Kilduff, Marshall: Jim Jones as commissioner


Marshall Kilduff: Well, at the time I was a City Hall reporter. I would cover the Housing Commission along with a number of other commissions. These were always sleepy affairs with about twelve bureaucrats and three reporters and fifteen to twenty people in the audience. Suddenly, they were filled with one-hundred fifty people; all of them bussed in by Jones who would be there twenty minutes early. This group rapt attention. Whenever Jones would say anything, whether it was approving the minutes or making a short speech about something, there would be thunderous applause for like a couple of minutes. It was way over the top. It was just too much. This isn’t the way life’s led. So that got me curious about Jones and who he was, and why this circus-tent buildup to everything. I tried to write stories about the guy, tried to interview him, and I was always brushed off or told not to bother, Jones liked things private, and he would just be judge on his good works. The whole thing seemed a little sketchy. I had a heck of a time getting through to meeting some of the Jones people who wouldn’t talk or the Jones followers or Jones himself. So the guy was a big mystery man to me.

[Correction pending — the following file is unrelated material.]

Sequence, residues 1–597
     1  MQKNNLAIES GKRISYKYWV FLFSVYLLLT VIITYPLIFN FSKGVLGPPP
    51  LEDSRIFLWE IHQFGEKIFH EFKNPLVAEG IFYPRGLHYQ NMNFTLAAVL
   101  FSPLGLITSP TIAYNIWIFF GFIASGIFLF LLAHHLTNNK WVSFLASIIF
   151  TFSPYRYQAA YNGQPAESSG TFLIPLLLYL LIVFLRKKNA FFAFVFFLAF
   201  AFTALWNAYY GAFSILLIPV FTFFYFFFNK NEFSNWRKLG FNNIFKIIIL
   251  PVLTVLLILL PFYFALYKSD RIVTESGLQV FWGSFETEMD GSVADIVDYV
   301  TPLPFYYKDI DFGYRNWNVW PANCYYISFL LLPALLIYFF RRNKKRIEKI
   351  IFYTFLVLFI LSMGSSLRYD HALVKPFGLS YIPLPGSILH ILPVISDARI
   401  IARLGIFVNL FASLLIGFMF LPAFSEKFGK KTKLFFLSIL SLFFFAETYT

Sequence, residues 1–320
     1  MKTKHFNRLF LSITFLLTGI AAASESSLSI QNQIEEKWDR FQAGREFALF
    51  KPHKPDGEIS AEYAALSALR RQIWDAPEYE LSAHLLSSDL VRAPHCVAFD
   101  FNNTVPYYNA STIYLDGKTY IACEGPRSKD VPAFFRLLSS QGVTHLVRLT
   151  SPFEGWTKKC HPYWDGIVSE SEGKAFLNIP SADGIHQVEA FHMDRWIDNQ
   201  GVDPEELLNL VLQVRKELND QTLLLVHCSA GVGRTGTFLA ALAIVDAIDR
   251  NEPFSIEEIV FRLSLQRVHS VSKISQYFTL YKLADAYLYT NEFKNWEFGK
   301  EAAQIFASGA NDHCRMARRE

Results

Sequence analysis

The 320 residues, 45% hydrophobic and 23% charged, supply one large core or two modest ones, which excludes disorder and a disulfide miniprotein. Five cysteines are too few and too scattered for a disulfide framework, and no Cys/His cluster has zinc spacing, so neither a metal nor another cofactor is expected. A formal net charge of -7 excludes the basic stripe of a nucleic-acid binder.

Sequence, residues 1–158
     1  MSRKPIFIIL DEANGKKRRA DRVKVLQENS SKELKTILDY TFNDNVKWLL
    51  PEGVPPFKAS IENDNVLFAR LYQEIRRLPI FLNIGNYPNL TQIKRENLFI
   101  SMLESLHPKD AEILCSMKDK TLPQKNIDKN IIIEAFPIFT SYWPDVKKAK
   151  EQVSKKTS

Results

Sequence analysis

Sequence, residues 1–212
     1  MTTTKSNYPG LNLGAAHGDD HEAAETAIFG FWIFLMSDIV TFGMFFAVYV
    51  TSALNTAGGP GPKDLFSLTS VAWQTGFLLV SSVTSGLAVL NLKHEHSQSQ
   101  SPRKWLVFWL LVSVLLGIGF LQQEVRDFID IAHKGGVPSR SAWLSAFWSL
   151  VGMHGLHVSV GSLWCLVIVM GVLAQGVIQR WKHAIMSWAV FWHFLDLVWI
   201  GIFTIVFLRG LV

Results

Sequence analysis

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The Moscone oral history interviews are part of the George Moscone Collection, MSS 328.

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Holt-Atherton Special Collections and Archives, University of the Pacific Library

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